Final Week of February May Prove Challenging on Wall Street
While stocks on Wall Street have been advancing in the past two weeks, they remain just short of treading on positive ground for the first time in 2010, an event that stock market players are no doubt eager for. The week ahead on Wall Street looks set to present numerous challenges as reports from various sectors become available. Most analysts are in agreement that the US economy is on its way to recovery, but not at a pace that is readily discernable by the people most affected – unemployed and financially embattled American citizens.
During the coming week Federal Reserve Chairman Ben Bernanke will be heading to Washington DC to present his report on the state of the US economy and monetary policy, addressing the House Financial Services Committee on Wednesday, following up with an appearance before the Senate Banking Committee on Friday. Washington DC is also the host for lawmakers who will be meeting to discuss various aspects of the Toyota recall, as well and addressing issues related to the Treasury budget and the health of financial institutions in the US. The conclusions reached with regard to the latter will determine whether more government intervention is needed.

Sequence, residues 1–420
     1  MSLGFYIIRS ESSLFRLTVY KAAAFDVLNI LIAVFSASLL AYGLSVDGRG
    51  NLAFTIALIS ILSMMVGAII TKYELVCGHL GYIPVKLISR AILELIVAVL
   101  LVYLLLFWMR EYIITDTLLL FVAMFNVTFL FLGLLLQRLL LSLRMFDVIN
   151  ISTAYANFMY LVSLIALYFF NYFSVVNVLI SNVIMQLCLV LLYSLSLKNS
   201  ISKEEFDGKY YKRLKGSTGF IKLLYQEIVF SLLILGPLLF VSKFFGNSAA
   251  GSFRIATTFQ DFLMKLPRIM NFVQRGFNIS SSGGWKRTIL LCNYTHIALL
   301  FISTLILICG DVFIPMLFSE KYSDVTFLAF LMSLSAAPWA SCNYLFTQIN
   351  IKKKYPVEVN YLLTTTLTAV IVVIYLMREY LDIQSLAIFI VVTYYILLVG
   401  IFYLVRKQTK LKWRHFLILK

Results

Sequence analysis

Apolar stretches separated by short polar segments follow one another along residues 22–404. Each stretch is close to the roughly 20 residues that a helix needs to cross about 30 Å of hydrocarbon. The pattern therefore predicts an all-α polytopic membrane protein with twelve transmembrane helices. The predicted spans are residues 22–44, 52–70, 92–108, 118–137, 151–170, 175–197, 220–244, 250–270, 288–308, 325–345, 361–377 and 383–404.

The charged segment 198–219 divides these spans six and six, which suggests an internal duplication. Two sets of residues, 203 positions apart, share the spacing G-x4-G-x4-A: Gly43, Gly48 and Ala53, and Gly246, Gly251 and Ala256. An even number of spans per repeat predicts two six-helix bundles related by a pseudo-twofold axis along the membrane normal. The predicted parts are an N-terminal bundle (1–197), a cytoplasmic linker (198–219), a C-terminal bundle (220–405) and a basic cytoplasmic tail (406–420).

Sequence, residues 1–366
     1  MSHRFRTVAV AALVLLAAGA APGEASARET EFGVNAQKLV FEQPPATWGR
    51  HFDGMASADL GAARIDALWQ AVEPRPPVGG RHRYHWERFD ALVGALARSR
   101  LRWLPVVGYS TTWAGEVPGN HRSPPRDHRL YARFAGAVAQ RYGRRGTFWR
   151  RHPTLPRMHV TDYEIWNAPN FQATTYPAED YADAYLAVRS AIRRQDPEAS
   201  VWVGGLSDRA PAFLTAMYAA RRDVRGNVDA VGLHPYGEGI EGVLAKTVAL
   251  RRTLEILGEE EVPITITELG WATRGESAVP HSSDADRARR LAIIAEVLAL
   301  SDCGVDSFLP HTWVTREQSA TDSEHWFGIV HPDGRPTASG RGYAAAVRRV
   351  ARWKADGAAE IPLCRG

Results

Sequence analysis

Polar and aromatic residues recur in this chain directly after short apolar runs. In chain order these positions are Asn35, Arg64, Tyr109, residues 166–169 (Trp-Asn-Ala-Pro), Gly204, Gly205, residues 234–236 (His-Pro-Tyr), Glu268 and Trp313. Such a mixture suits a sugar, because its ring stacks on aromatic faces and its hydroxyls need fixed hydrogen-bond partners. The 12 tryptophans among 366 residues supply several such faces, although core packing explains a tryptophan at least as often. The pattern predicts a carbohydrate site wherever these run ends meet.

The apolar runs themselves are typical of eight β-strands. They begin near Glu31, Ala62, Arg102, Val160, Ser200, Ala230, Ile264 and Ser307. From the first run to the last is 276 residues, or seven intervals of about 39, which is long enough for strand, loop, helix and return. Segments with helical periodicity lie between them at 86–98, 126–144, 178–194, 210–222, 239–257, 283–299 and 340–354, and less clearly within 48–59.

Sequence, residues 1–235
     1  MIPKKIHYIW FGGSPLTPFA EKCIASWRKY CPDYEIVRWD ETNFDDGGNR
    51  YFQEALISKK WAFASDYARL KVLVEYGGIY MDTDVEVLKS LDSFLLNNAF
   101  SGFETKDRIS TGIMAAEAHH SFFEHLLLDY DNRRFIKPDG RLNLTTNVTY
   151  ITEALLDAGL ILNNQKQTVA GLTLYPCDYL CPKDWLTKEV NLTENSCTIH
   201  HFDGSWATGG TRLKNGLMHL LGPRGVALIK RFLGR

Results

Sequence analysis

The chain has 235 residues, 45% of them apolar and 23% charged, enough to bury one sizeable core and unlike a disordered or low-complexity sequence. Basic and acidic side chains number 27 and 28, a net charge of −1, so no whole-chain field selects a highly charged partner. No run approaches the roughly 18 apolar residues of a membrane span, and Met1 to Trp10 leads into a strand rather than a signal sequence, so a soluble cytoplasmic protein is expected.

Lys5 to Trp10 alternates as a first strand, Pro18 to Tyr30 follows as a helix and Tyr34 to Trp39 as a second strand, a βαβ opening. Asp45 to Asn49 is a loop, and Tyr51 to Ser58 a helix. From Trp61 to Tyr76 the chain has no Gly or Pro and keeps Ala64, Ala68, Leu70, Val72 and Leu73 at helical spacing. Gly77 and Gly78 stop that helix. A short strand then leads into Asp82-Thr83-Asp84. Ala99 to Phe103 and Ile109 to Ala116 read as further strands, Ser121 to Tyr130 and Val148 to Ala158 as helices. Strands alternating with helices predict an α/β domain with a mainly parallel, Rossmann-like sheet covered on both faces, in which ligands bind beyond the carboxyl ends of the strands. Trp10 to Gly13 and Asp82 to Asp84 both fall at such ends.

Investors were not anticipating last week’s increase in the discount rate by the Federal Reserve to 0.75 percent, being a quarter percentage point rise. This move triggered a sell-off as investors speculated whether this increase meant that the Fed may be looking at raising the Fed funds rate, which is currently near zero, thereby impacting on consumer and company costs. However, these fears were allayed by Fed officials.
Tuesday sees the release of the December S&P/Case-Shiller index which measures home prices in twenty cities. It is anticipated that this will reflect a drop of 3.1 percent, following the 5.3 percent drop in November. The Conference Board’s Consumer Confidence Index is also due out on Tuesday, while the FDIC will release quarterly industry earnings, along with its list identifying banks considered to be vulnerable. Due on Wednesday is the government’s report on new home sales for January, which is expected to have risen slightly.
Thursday kicks off with the US weekly jobless claims report, with new unemployment claims likely to have dropped to 460,000 from the previous week’s 472,000. However, it is anticipated that continuing claims will have increased to 4,570,000. Other reports due out on Thursday include the durable goods orders index for January from the Commerce Department, and the Federal Housing Finance Agency housing price index. Having been a contentious issue for some time now, observers on both Wall Street and Main Street will no doubt be interested in the outcome of the financial-industry executive compensation hearing to be held by the House Financial Services Committee. On Friday, the revised reading on consumer sentiment will be released by the University of Michigan, while the National Association of Realtors will make their report available in the morning session of trade.